What, then, might motivate this tendency towards debasement, the almost uncanny sense that each image is disintegrating from within? In another painting displayed in the exhibition, ‘The Junkman’s Lament’, a question is posed in bold capital letters that may provide a way of thinking about this problem: ‘WHERE IS MY MONEY?’ The letters are painted black against a white background that shows traces of the grid with which Sherwood has previously worked. The painting is framed by an intricate pattern of geometric shapes painted red, blue and yellow, a quotation perhaps of a large folding screen the artist produced for an exhibition at London’s Son Gallery in 2012. The question posed by ‘The Junkman’s Lament’ can be interpreted in several ways. It might be read as the complaint of a penurious artist to his gallerist. Or it might be the question asked by a consumer rudely awakened to the fact that the dream he has procured is a counterfeit. The work’s title also brings to mind a historical figure that the writer and cultural theorist Walter Benjamin calls the ‘rag picker’. The rag picker collects urban refuse, ‘everything that the big city has thrown away, everything it has lost, everything it has scorned, everything it has crushed underfoot’. For Benjamin, the rag picker is comparable to the artist, whose task it is to collect the traces left behind by the destructive cycles of modernisation and to transmute them into aesthetic objects. The poet Charles Baudelaire was in this respect exemplary, since he understood better than most the ‘profound duplicity’ of artistic production in capitalist modernity. As Benjamin writes, ‘Baudelaire knew the true situation of the artist; he goes to the marketplace as a flâneur, supposedly to take a look at it, but in reality to find a buyer’. Like the rag picker, the artist gathers together what has been abjected by history and weaves it into an object of aesthetic value that is exchanged on the market for money. To understand the question posed in ‘The Junkman’s Lament’ from this perspective is suggestive, not least because the various elements in the painting are inseparable from the failed utopian projects of the historical avant-gardes—geometric abstraction, the grid, the monochrome—elements that could be described as the remains of artistic modernism. In the present context, the possible relationship between the junkman and the rag picker may help to account for Sherwood’s working methods and for what I take to be the duplicitous character of his work. As with the paintings of kitsch palm trees, where, in an unsettling reversal, an object of desire morphs into an image of death, the other works displayed in the exhibition seem to dramatise their status as desirable commodities in the very same act in which they call that status into question.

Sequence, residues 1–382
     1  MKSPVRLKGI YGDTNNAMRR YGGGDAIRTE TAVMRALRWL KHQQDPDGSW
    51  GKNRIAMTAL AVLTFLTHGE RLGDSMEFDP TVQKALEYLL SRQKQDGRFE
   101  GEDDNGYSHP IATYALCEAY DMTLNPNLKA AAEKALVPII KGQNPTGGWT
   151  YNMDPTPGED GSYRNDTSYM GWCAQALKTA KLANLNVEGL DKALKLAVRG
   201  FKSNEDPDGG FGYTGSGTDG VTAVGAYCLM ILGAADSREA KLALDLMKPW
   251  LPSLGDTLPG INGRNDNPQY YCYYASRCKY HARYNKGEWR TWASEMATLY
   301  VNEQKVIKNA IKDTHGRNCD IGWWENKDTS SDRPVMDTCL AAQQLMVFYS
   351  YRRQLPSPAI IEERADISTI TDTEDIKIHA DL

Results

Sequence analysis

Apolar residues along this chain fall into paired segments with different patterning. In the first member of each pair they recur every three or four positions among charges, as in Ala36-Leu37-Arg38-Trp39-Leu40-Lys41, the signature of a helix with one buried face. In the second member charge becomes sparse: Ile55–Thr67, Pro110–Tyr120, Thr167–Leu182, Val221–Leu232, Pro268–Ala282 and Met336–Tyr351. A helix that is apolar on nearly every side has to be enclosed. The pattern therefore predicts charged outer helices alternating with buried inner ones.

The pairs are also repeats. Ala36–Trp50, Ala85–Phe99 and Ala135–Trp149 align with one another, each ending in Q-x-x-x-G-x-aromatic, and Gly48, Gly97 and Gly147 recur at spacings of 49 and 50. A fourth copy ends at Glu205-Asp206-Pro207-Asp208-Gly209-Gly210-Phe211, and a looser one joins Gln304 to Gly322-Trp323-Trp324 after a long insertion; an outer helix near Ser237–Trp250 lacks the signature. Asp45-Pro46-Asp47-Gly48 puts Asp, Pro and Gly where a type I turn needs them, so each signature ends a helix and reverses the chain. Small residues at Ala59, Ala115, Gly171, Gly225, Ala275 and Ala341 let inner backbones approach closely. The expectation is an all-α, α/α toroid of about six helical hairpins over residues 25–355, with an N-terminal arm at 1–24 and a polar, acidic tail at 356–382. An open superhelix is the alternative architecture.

In a pair of works titled ‘New Earth Tapestry #1’ and ‘New Earth Tapestry #2’, for example, various abstract shapes, symbols and icons have been combined in paintings reminiscent of hieroglyphs or medieval heraldry. In the first work, the spectator encounters a series of graphic designs, a unicorn, a pointing finger and a hash tag, the only symbol in the work to be painted against a yellow background. In the second work are similar abstract designs, as well as a factory, a hare and a hash tag, this time painted against a blue background. During the same studio visit, the artist explained that the unicorn and the hare were simplified versions of figures found on antique tapestries and ceramics in the Victoria and Albert Museum in London. The image of the factory was found in an open source dictionary of symbols, while the pointing finger was based on an image stencilled on a wall inside an old industrial building in Southwark where Sherwood rented a studio, a building recently demolished to make way for apartments. Meanwhile the hash tag, which, the artist observed, is also a small grid, was employed because in the language of computation it serves as a tool for stringing information together, often indiscriminately. For this reason the two paintings could also be expressed as ‘#harefactory’ or ‘#unicornfinger’, as the artist puts it.